But three years ago, after Sean McKenna, a GMHC client, articulated the need for buddies to support long-term survivors, GMHC decided to relaunch the program.

“I’m blessed with a family, and I’m blessed with friends,” says McKenna, 54, who was diagnosed with AIDS in 1994, but probably contracted HIV in the early 1980s. “I’m able to get by.”

But many long-term survivors, whom McKenna defines as people diagnosed before 1996, when effective HIV treatment first became available, are not as fortunate, he says. Some long-term survivors, lonely and exhausted from contending with health problems such as heart disease and arthritis years before their HIV-negative peers, give up and stop taking their HIV medications, McKenna says.

“For people to quit taking their meds, they have to be pretty depressed and isolated,” he says. “If you don’t have anyone in your life, it’s easier to succumb to that. Loneliness alone will kill you.”

“These are people who had reconciled themselves to dying,” says Rindler. They might have gone on disability and never returned to work, and they spend most days at home alone, interacting with others only through social media.”

That isolation might help explain why the supply of newly trained buddies at GMHC has thus far exceeded the demand, Rindler says, adding that buddies supplement but can’t replace other services for people with HIV. “A buddy is one of the spokes in the wheel. It’s not the wheel. We always wanted to make sure that people were not just relying on their buddy.”

Rindler hopes to launch a buddy program at the Hudson Valley LGBTQ Community Center for older clients, regardless of HIV status, because, he says, they’re less likely to be in a relationship than younger LGBTQ individuals.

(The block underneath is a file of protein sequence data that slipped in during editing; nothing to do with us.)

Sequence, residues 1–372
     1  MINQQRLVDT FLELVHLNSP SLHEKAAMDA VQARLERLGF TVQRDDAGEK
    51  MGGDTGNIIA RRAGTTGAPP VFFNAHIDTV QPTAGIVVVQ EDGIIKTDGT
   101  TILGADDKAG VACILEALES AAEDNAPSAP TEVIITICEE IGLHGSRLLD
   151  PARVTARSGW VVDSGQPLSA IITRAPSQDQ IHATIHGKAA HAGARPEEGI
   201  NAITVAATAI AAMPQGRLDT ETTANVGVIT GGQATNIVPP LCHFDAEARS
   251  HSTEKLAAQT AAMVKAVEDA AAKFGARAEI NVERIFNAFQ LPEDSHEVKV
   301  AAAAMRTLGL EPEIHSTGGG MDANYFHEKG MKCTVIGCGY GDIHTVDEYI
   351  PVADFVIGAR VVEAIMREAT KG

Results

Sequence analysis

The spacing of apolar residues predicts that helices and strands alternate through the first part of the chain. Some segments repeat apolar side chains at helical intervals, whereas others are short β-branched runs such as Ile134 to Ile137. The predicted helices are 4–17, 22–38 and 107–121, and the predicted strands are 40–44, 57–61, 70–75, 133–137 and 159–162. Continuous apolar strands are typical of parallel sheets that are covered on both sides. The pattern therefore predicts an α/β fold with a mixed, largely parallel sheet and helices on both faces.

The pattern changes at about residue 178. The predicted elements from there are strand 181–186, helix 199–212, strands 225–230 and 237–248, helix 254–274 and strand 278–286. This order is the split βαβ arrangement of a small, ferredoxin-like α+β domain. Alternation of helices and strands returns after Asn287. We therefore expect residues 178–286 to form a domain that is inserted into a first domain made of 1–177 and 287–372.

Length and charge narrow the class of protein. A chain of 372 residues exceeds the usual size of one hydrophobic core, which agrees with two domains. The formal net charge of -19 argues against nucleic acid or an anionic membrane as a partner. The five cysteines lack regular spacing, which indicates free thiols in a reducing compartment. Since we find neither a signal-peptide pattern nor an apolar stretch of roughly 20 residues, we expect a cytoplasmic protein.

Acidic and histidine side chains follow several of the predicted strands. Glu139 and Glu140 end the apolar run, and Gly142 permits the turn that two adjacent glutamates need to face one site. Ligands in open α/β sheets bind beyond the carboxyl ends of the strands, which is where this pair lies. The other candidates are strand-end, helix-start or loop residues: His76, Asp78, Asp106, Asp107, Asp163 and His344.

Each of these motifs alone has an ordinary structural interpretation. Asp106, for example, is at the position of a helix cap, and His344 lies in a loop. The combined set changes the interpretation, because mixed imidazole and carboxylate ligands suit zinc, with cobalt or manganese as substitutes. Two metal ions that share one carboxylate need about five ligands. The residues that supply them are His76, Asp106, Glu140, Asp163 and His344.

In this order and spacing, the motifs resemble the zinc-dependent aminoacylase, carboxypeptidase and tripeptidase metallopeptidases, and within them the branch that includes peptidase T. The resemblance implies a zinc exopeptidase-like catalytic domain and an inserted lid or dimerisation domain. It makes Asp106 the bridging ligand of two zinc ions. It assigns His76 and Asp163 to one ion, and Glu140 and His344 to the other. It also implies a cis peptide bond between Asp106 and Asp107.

About one in six of the individuals served by the “friendly visitor” program at Services & Advocacy for GLBT Elders (SAGE) are HIV positive, says Tom Weber, director of care management services at the New York–based organization. “Most of them have other kinds of health issues now too.” Until he left in 2003, Weber headed the GMHC buddy program.

The SAGE clients who are paired with a friendly visitor, whose role is to combat isolation, are in their 60s to their 90s and, typically, stuck in their homes or, at least, in their neighborhoods, Weber says. “If somebody is walking around and going to senior centers, we don’t give them a friendly visitor.”

Some of the same issues—loneliness, stigma—saddle people newly diagnosed with HIV as well as older individuals diagnosed decades ago, says Theodore “Ted” Kerr, a Brooklyn-based organizer and writer.

“I’m from a generation of folks who grew up long after people were recovering from HIV,” Kerr, 38, says. “We knew HIV was around, but there didn’t seem to be a community response anymore.”

Kerr is part of a collective that’s looking at the concept of an HIV doula as a community response for those who are newly diagnosed. The term doula—from the modern Greek word for maidservant—is typically associated with childbirth and refers to a trained professional who provides physical, emotional and informational support to a woman before, during and after labor and delivery. Similarly, HIV doulas would provide support to individuals newly diagnosed with HIV. “For some people, the crisis never ended,” he says. “There’s always been a fear of testing or a mistrust of the medical environment.” HIV doulas could help individuals adjust to life with HIV and provide support.

Anitra Branch recognized the need for buddies firsthand when she started working for PATF as a medical case manager in rural counties near Pittsburgh. Many of her clients lacked the support of family, either because they lived too far away or they felt uncomfortable talking about HIV with their relatives, Branch says. “I just felt like they really needed some other folks to interact with.”

When she accepted the community relations manager position at PATF last June, Branch says, “my intention was to invest significant time and energy in the [buddy] program, based on the need for support I witnessed working directly with HIV-positive clients.